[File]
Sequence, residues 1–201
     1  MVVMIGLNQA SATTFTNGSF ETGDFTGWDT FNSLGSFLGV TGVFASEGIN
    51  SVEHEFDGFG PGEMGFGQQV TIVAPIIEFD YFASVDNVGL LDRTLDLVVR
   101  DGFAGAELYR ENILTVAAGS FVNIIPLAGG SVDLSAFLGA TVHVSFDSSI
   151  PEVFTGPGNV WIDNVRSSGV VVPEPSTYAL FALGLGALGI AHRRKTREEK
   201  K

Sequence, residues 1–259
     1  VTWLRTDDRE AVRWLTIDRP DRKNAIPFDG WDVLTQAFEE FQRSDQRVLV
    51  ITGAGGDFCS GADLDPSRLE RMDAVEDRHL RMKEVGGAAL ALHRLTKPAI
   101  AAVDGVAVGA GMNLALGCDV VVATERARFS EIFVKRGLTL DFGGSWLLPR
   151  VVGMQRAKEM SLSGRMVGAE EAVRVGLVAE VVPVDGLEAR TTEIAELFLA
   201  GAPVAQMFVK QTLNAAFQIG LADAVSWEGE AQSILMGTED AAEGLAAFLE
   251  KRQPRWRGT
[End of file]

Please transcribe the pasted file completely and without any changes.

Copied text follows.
Sequence, residues 1–201
     1  MVVMIGLNQA SATTFTNGSF ETGDFTGWDT FNSLGSFLGV TGVFASEGIN
    51  SVEHEFDGFG PGEMGFGQQV TIVAPIIEFD YFASVDNVGL LDRTLDLVVR
   101  DGFAGAELYR ENILTVAAGS FVNIIPLAGG SVDLSAFLGA TVHVSFDSSI
   151  PEVFTGPGNV WIDNVRSSGV VVPEPSTYAL FALGLGALGI AHRRKTREEK
   201  K

Sequence, residues 1–259
     1  VTWLRTDDRE AVRWLTIDRP DRKNAIPFDG WDVLTQAFEE FQRSDQRVLV
    51  ITGAGGDFCS GADLDPSRLE RMDAVEDRHL RMKEVGGAAL ALHRLTKPAI
   101  AAVDGVAVGA GMNLALGCDV VVATERARFS EIFVKRGLTL DFGGSWLLPR
   151  VVGMQRAKEM SLSGRMVGAE EAVRVGLVAE VVPVDGLEAR TTEIAELFLA
   201  GAPVAQMFVK QTLNAAFQIG LADAVSWEGE AQSILMGTED AAEGLAAFLE
   251  KRQPRWRGT